(b) Assume that \(r_{t} \in D = \mathbb{R}\). In this case, \(R(u) = u/c\), and hence \(R'(u) = 1/c\) is constant and \(F'\) is strictly increasing, by (P1′). We conclude that \(k\) is strictly decreasing.
In any case, \(k\) is either strictly decreasing or constant and nonzero. Thus the sign sequence of \(k\) can be completely characterized by its initial value \(k(0)\) and its asymptotic limit as \(x\) tends to infinity. Let us first show that
Because we have \(k(0) = F'(0) + r_{t} R'(0)\), the assertion follows immediately if \(R'(0) < 0\). Consider the complementary case \(R'(0) \ge 0\). This rules out case (b) in (P4), and hence we may assume that \(D = {[0,\infty )}\). Since \(F'(0) > 0\) by (P3), (3.2) follows. Next we show that
This follows immediately from \(\lim _{x \to \infty }k(x) = F'(c) + r _{t} R'(c)\) and \(R'(c) < 0\), by (P3). Combining (3.2) with (3.3) and using that \(k\) is either strictly decreasing or constant and nonzero, we obtain
Since \(\partial _{x} f\) has the same sign sequence as \(k\), these statements can be directly translated into monotonicity properties of \(f\). In the first case, the forward curve \(f\) is strictly decreasing, i.e., inverse; in the second case, it is strictly increasing, i.e., normal. In the third case, it is strictly increasing up to the unique zero of \(k\) and then strictly decreasing, i.e., humped. No other cases are possible. □
Proof of Theorem 2.1
From the Riccati equations (1.1), we can write the derivative of the yield curve as
Multiplying by the positive function \(x^{2}\), we see that \(\partial _{x} Y(x,r_{t})\) has the same zero set and the same sign sequence as
The derivative of \(M\) is given by
with \(k\) as in (3.1). Note that by (P2), the factor \(x B'(x)\) is strictly positive, and hence \(M'\) has the same sign sequence as \(k\), which was already analyzed in (3.4). Since \(M(0) = 0\), we can conclude that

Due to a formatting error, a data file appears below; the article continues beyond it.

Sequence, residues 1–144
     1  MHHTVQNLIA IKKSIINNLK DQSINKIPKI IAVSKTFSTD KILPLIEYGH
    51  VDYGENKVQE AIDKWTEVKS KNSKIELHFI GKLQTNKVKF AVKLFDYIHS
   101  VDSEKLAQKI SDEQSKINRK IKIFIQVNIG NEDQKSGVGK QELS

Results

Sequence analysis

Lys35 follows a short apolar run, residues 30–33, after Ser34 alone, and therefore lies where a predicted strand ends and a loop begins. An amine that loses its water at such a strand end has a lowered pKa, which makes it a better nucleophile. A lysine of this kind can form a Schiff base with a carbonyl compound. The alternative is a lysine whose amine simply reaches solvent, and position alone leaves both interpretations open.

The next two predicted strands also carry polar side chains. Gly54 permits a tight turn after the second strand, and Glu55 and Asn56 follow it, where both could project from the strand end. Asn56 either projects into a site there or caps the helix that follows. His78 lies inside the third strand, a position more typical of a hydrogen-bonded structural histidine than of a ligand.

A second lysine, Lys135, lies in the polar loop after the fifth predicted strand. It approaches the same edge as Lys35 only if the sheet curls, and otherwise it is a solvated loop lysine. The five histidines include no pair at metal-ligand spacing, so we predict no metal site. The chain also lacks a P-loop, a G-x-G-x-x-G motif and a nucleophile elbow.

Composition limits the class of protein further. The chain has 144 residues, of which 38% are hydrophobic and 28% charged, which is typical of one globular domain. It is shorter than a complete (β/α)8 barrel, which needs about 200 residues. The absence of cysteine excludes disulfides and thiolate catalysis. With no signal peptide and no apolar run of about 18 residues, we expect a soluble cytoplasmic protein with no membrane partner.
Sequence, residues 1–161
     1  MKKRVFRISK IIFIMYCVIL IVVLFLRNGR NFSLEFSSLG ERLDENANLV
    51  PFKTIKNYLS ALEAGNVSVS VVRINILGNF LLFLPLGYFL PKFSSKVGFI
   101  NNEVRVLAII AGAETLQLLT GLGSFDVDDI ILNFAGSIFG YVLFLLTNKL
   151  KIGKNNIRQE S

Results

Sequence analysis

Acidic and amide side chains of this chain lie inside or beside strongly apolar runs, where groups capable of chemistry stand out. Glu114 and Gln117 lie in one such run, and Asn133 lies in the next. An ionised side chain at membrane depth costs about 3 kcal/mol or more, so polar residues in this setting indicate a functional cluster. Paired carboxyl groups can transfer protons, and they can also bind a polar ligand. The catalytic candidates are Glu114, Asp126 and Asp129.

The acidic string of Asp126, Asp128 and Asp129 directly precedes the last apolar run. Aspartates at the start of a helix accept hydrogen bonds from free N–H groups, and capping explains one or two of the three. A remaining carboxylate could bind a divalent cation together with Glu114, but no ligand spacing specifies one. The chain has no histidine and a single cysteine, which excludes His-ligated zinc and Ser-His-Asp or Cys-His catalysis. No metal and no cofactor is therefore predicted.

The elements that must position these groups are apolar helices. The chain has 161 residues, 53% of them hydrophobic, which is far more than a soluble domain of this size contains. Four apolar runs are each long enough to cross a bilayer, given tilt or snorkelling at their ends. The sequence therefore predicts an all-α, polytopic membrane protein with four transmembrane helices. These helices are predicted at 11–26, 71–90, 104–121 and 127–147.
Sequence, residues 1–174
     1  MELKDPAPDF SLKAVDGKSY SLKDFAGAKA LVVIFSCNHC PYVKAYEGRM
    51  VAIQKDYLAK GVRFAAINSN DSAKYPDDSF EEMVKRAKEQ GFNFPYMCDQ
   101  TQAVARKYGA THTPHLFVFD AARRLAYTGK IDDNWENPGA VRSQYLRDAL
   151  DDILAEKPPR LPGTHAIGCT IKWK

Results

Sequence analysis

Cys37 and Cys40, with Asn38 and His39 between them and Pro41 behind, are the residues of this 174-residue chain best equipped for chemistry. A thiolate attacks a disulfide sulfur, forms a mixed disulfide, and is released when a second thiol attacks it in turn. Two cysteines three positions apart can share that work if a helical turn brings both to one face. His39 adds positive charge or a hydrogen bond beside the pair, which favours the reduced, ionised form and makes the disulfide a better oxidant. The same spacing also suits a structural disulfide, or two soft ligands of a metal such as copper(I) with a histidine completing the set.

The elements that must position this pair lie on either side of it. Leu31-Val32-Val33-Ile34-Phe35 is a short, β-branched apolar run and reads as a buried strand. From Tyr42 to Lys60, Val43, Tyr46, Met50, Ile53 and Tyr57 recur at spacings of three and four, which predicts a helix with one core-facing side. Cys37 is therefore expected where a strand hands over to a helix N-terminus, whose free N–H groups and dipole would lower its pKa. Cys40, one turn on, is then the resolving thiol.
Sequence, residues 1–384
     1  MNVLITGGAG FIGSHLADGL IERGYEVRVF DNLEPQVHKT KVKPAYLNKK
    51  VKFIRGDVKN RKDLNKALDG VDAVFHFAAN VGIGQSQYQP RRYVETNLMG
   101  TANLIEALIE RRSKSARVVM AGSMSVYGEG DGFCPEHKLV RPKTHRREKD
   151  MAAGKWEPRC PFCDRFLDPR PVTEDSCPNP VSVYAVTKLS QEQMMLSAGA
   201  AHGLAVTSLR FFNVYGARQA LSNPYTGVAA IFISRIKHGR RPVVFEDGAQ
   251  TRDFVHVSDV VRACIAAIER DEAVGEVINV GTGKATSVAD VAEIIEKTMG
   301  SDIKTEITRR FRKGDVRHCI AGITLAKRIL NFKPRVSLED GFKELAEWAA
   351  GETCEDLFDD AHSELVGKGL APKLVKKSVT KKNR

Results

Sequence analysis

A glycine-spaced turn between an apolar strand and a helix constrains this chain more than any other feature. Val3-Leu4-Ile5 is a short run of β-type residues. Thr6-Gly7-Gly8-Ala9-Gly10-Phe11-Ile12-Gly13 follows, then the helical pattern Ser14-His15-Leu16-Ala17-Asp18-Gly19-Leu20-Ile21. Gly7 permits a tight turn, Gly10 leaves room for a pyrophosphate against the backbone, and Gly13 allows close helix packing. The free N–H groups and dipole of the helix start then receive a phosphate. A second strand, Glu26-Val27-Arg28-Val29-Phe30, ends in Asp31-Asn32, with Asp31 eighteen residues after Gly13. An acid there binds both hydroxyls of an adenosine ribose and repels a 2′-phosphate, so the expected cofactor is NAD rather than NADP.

Essentially, the mistake in [2] was to ignore the possible sign sequence \((+)\) in the third case. Not repeating the same mistake, we take a closer look at the third case and note that the sign sequence of \(M\) is \((+)\) if and only if
Decomposing \(M(x) = L_{1}(x) + r_{t} L_{2}(x)\), it remains to study the asymptotic properties of \(L_{1}\) and \(L_{2}\). We have
In addition,
Since \(c < 0\), we conclude that
By convexity of \(F\) and \(R\) and using that \(c < 0\), we observe that
Together with (3.5), this completes the proof. □
Proof of Corollary 2.5
Recall that \(R(c) = 1\) and \(c < 0\). By convexity of \(F\) and \(R\), we have
for all \(u \in (c,0)\). Note that by (P1′), either \(F\) or \(R\) is strictly convex, so that strict inequalities must hold in either the first or the second line. If \(R'(0) < 0\), then applying the strictly increasing transformation \(x \mapsto \frac{1}{x}\) to the second line in (3.6) and multiplying term by term with the first, we obtain
Applying the integral \(\frac{1}{c}\int _{0}^{c} \,du\) to all terms, (2.1) follows. If \(R'(0) \ge 0\), this approach is still valid for the first two inequalities in each line of (3.6), but not for the last one. However, in the case \(R'(0) \ge 0\), we have set \(b_{\mathrm{inv}}= +\infty \) in (3.2), and the last inequality in (2.1) holds trivially. It remains to show that \(D \cap (b_{\mathrm{y}\text{norm}}, b_{\mathrm{inv}})\) is nonempty. \(F\) is a convex function and by Condition 1.1 finite at least on the interval \((c,0)\). It follows that \(F'(0) > \infty \) and thus that \(b_{\mathrm{inv}}> \infty \) in general. If \(D = {[0,\infty )}\), then \(F'(0) > 0\) by (P3) and hence \(b_{\mathrm{inv}}> 0\). Moreover \(b_{\mathrm{y}\text{norm}}< b_{\mathrm{asymp}}= F(c) < \infty \), completing the proof. □
References
Duffie, D., Filipović, D., Schachermayer, W.: Affine processes and applications in finance. Ann. Appl. Probab. 13, 984–1053 (2003)
KellerRessel, M., Steiner, T.: Yield curve shapes and the asymptotic short rate distribution in affine onefactor models. Finance Stoch. 12, 149–172 (2008)
Vasiček, O.: An equilibrium characterization of the term structure. J. Financ. Econ. 5, 177–188 (1977)
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The online version of the original article can be found under https://doi.org/10.1007/s007800070059z.
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KellerRessel, M. Correction to: Yield curve shapes and the asymptotic short rate distribution in affine onefactor models. Finance Stoch 22, 503–510 (2018). https://doi.org/10.1007/s0078001803595
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DOI: https://doi.org/10.1007/s0078001803595